SNS: Amazin

SNS: Amazin

$19.95

SNS Subscriber Edition
Volume 21, Issue 5
Week of February 1, 2016
 
In This Issue

Feature: Amazin

  • No Warehouse, No Inventory, No Way
  • A Quick Reprise
  • Amazon Web Services
  • Content
  • The Phone Hole
  • Amazon Echo
  • Amazon Prime
  • Distribution: Drones, Trucks, Planes, Ships

Quotes Of The Week

Takeout Window

  • AMZN’s Stock

Upgrades & Numbers

  • Amazon’s Current Physical Offices Around the World

Ethermail

—–
I remember the day I learned that my good friend Larry Tesler had been quietly hired by Jeff Bezos to work on a top-secret Amazon project. Larry is one of the best programmers in the world, one of the wizards – as well as having been Apple chief scientist under Steve Jobs and creating the Compel language. He later licensed the Cocoa language, upon which he co-founded Stagecast.

Since Amazon seemed pretty pedestrian in its programming at the time, I was curious: what could Jeff want with Larry? My recollection is that a couple of years passed during which Larry commuted back and forth between Seattle and Palo Alto, and then he decided to call it quits. During that time, there was no outward manifestation of his work; for all I knew, he could have been curating the corporate art collection.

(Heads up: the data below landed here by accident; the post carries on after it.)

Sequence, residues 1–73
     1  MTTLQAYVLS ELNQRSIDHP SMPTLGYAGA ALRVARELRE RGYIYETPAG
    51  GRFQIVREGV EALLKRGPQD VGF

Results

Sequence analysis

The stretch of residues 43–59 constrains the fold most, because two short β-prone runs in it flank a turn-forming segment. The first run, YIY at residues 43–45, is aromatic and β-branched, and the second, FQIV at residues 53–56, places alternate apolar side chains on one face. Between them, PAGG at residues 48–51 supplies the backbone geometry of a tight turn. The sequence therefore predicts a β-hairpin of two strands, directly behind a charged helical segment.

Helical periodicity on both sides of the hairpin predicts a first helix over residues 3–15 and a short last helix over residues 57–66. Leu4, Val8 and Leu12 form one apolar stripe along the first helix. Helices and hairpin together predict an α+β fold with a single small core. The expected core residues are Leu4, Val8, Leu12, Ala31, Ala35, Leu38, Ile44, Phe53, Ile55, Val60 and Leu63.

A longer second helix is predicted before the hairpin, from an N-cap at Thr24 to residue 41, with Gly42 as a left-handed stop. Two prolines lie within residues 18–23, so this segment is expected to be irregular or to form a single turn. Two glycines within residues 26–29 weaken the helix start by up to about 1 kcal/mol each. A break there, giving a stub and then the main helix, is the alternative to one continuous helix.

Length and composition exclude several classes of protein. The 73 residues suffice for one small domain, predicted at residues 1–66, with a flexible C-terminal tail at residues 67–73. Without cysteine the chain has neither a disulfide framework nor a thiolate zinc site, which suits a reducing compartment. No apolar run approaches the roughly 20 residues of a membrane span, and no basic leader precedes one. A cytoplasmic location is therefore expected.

Except, of course, he was Larry.

In a future issue, I’m going to write about the unbelievable amount of power single individuals have over today’s technological terrain; for the time being, let’s just note that there are a very limited number of wizards on the planet, and Larry is one of them.

I still do not know, today, what secret project he ran under some tight nondisclosure agreement. But I do know that: a) the world-famous “Amazon comparison engine” was launched soon after he signed up (“If you like this, you might also like that”), with something called Amazon Web Services (AWS) started in stealth a bit later.

But the real lesson, at least from my perspective, was simpler: Jeff Bezos was focused on the back end of his empire, adding new hardware, software, and computer algorithms as a competitive advantage, while most folks were focused on price and delivery time.  Jeff was smart enough to see the meta-picture of what he was building: it wasn’t a shopping site; it was a massive basket of complex and personalized customer services he could offer other sites and sellers, framed by the additional hard work of making it look as simple as One Click shopping, big red buttons, and clean white pages.

Jeff had found the key to the difference between his lifelong dream of wanting to be bigger than Walmart and knowing how to do it.

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